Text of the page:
[In the Gender Perspectives series, I hope to curate writing by people with a wide variety of gender identities and experiences, talking about their gender, what it means to them personally, and what it means for the ways in which they move through and interact with the world. Basically, this is where I point out that I’m not the only person in the world who has complex thoughts about gender, and that there as many ways to be Trans* and/or genderqueer as there are to be cisgender.]
- Dana Taylor discusses the problem with the concept of “passing” as a part of the Trans* narrative.
…there are some trans* women who have physical male characteristics that will never allow them to meet the passing criteria. I am one of those women. If I had listened to a lot of advice from trans* women on being a woman, I am not sure where I would be today. It is difficult enough to come out and try to be who you are than to have all these other requirements put on you.
A woman is a woman who makes her own choices on how she wants to look, dress, smell or anything else that has to do with her own body.
- The writer of FistFelt talks about coming to identify as epicene, and just the general struggle to find language that adequately reflects non-traditional relationships with the gender system.
Even agender feels too political and too aggressive for me now. My identity is inertness; not a vacuum, but dead air. Elemental gold.
Both, neither, whatever, who cares?
I don’t aim to satisfy anything right now, other than my own whims and fancy. No identity, no politic, no stereotype, no gender expression.
- Jade Sylvan talks about having a very fluid relationship to gender.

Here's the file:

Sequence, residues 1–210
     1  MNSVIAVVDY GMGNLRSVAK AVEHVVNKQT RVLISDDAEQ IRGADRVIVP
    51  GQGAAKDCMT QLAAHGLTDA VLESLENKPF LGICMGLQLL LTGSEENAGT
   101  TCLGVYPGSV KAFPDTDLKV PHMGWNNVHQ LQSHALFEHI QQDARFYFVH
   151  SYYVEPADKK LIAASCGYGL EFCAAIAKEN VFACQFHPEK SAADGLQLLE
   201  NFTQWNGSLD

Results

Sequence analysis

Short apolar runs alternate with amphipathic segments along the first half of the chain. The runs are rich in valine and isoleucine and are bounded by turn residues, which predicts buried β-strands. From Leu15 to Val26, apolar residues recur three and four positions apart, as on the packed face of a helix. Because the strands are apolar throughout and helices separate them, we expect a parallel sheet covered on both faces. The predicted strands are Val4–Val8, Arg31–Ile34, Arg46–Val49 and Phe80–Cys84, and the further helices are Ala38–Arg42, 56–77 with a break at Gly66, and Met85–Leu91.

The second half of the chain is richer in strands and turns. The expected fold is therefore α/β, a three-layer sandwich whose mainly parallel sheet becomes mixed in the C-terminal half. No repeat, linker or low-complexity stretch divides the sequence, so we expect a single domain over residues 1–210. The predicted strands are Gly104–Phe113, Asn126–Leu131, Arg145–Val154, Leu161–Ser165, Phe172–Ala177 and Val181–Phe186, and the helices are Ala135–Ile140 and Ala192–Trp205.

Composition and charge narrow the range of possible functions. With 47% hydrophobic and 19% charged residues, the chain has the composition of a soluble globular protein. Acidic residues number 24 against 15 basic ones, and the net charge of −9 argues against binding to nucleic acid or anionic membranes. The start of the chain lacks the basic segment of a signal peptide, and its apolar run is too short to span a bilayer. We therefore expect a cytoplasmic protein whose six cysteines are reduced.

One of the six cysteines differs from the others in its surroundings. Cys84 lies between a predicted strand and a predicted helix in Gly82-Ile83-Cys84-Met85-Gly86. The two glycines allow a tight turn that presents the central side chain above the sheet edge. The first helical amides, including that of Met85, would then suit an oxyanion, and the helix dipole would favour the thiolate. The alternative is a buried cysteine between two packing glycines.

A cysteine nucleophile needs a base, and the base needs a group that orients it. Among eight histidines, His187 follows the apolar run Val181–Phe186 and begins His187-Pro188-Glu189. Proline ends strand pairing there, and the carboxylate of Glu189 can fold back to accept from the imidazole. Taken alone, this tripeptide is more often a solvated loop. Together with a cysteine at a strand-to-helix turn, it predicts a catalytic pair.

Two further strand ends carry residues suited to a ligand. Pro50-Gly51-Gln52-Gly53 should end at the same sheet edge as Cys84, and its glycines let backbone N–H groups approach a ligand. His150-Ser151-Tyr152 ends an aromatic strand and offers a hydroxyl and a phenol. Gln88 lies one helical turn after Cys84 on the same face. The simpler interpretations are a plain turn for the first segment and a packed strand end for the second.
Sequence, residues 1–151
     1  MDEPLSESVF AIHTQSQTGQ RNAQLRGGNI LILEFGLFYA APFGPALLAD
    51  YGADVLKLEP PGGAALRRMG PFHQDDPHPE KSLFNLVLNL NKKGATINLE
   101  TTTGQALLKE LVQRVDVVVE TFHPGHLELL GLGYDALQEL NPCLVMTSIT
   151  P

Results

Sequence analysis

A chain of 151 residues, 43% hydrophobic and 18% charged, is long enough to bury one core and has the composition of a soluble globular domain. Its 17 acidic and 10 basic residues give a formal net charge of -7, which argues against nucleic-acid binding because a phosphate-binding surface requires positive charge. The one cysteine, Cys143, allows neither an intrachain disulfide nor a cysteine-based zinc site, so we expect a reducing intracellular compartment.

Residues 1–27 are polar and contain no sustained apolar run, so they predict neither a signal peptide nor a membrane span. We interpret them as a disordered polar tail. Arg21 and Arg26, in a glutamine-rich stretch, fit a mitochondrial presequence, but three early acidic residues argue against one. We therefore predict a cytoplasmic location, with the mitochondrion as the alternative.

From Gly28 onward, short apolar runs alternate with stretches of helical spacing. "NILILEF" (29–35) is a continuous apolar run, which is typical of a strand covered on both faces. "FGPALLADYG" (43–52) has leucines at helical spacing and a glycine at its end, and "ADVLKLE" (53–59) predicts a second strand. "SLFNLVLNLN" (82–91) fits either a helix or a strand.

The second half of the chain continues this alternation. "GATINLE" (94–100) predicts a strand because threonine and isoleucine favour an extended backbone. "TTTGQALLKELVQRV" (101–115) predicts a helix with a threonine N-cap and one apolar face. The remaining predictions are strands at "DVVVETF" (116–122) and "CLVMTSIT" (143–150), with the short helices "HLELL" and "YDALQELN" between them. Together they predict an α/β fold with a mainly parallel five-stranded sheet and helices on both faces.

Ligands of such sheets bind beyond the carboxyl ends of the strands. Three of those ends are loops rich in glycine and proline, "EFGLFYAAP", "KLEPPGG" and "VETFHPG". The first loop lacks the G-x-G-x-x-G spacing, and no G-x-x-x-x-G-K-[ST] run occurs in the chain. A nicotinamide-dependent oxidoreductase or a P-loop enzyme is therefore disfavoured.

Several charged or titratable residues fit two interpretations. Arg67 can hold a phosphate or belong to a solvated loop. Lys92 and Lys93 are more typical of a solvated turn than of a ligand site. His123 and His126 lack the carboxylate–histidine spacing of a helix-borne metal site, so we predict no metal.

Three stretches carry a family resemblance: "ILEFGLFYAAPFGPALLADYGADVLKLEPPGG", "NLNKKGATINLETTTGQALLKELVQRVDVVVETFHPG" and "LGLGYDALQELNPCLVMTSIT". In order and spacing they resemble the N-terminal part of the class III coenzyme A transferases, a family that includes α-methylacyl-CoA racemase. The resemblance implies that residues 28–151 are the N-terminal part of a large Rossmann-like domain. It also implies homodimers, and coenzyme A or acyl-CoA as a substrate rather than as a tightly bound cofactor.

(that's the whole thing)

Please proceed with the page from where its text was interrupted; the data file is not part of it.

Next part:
One of the biggest fears when you’re sexually fluid or gender fluid is that people are not going to believe you. That people think that the fact that your desires and/or image of yourself is protean means that you, your passion, and even your love are insincere.
I have always experienced these parts of me as mutable things that I had some degree of choice in expressing. I do not feel that my having a choice in these matters should mean my gender and sexual expressions are less “real.” And it definitely does not mean that my love is not real.
- Glosswitch digs deep into the ways in which being cisgender doesn’t actually someone is comfortable in the gender binary, or even that they truly “match” the gender that was assigned at birth.
Breasts and bloodstains were an intrusion on my personhood. I felt diminished. I knew people – men in particular – looked at me differently. Without breasts, I could be pure thought; with them, I felt reduced to the passive bearer of womanhood and all the repressive values associated with it.
Some people see gender as a galaxy of possibilities. I experience it as a trap, a network of prejudices rooted in conservative notions of complementarity and evolutionary purpose. I don’t believe my gender identity is female. I inhabit a female body, as opposed to a male or intersex one, and it does many of the things a female body is expected to do. My self – my identity – is something else. I possess some attributes considered typically female, others considered typically male. This does not make me special or unusual. I construct a reality in relation to my body – and the gender-based prejudices that come with having this body – as best I can. Isn’t that all any of us can do?
- The Goldfish responds directly to Glosswitch’s article, discussing her own relationship with her gender, and the category of cis womanhood.
Being cis gender means I am not transgender. It certainly doesn’t mean that I, as a woman, am everything that a woman is supposed to be within my culture – or even any of those things. It doesn’t say very much about the clothes I wear, the way I think, my hobbies and interests or my sexuality. This doesn’t even attempt to say anything about my genes, genitals or reproductive potential (Most cis women, most of the time, cannot get pregnant. A significant minority of cis women can never get pregnant.)
All my being cis means is that (a) the word woman is the best way I have of describing my gender and (b) this coincides with the way that other people always have described me.